Keys To Projecting Latent Value In Visitors
One of the most difficult and valuable exercises in quarterly planning is forecasting. Many companies require budgets to be set well in advance, and as a result, analysts often prepare conservative projections in order to remain cautious and not setup their marketing colleagues to under-deliver.
The byproduct of conservative projections is more difficult forecasting mid quarter as it becomes apparent that not all referring traffic sources are equal in traffic and value.
The inevitable question comes up: how much more revenue can be delivered from channel X with additional budget?
To accurately answer this question requires several channel specific insights including:
- The relationship between visitors and cost-per-visitor
- Incremental visitor opportunity
- Conversion rates
- Average order values
- Latency in conversion
Forecasting With Google Analytics
Analysis requires multiple regression models to understand marginal cost and revenue for each channel. But before you get neck deep in spreadsheets, I want to highlight a few tools at your disposal, which can guide you in the direction of specific channels and subsets of those channels to pursue for the lowest hanging fruit.
Google Analytics has a fantastic tool set called Multi Channel Funnels. The purpose of the tool is to showcase the overlap of channels leading to conversions through data tables and visualizations:
By default, Multi Channel Funnels break traffic sources into basic channel groupings, as well as the more standard Source/Medium groupings, and identify where cross-channel interactions occur including the following analyses:
- Assist conversions – interactions which lead to additional interactions which convert
- First interactions – attribution to the channel driving the first interaction prior to a conversion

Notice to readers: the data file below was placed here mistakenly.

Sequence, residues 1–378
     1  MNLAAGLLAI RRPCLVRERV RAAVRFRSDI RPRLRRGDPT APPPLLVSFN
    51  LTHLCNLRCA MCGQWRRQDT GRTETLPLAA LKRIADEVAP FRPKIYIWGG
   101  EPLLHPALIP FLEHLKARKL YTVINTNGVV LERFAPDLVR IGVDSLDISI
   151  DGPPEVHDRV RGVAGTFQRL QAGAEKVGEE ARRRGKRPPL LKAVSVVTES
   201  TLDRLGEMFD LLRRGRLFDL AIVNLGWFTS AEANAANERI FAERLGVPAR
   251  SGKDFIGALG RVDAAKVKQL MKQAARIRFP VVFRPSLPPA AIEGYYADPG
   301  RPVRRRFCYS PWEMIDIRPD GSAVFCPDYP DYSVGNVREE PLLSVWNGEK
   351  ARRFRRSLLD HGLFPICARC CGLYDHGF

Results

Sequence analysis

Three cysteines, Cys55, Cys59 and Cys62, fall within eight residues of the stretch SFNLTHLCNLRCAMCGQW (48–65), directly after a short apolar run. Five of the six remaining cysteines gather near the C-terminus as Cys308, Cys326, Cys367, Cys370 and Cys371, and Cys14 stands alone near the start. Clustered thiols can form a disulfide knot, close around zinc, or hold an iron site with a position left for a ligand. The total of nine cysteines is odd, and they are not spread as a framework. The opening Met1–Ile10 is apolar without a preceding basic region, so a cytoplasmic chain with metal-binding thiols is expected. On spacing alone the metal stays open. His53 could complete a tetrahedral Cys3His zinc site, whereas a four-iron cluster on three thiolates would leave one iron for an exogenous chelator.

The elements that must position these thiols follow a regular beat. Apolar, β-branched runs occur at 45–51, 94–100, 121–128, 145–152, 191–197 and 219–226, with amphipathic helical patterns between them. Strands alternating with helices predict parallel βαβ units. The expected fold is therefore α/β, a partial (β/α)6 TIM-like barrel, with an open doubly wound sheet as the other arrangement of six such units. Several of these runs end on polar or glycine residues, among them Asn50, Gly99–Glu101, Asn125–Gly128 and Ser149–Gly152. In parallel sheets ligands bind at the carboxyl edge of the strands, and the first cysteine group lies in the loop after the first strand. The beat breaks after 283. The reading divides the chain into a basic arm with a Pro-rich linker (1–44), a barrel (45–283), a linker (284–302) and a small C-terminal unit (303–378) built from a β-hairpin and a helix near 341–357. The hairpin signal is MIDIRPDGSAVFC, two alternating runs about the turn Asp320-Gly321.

- Interaction paths – cross channel paths by which users reach a site repeatedly prior to converting
- Path Length – the number of interactions prior to conversion
- Time Lag – the time line from first interaction until conversion
A quick look at a top conversion paths analysis will immediately highlight opportunities for incremental volume:
Numbers 8 and 10 showcase immediate opportunities – paid search and ‘other advertising’ lead to latent direct conversions. This means that pushing on paid ads in the short term will lead to direct conversions in the longer term.
In aggregate, the data is insightful, highlighting how people are getting to your site over time. However, the Conversion Segments feature takes basic Multi Channel Funnels from presentation material to action ready.
By creating a custom conversion segment, Paid Search to Direct, we can get a clear picture as to how many different ways users interact with Paid Search and then additional channels prior to purchasing, as well as the exact percentage of conversions and revenue associated with this path (I am not displaying conversion count and revenue, but they are available).
Switching gears over to the assisted conversions report (keeping the conversion segment Paid to Direct applied) we can switch the primary dimension over to use AdWords Matched Search Query to identify paid search keywords driving clicks which turn into conversions via direct.
Finally, moving to the time lag analysis, we can understand how long it will take for incremental paid search clicks to deliver results via direct clicks:
Taking a step back, this series of analyses reveal:
- The exact set of keywords to push on in paid search to yield conversions via a direct last interaction
- How long it’s going to take to observe those conversions
Armed with what keywords to analyze, go back to and execute the aforementioned regression analysis to understand the projected cost of the incremental paid search clicks. Merge it with the time lag analysis to showcase the expected time frame for incremental conversions. Now, that’s an accurate forecast.
Some opinions expressed in this article may be those of a guest author and not necessarily Search Engine Land. Staff authors are listed here.
(Some images used under license from Shutterstock.com.)
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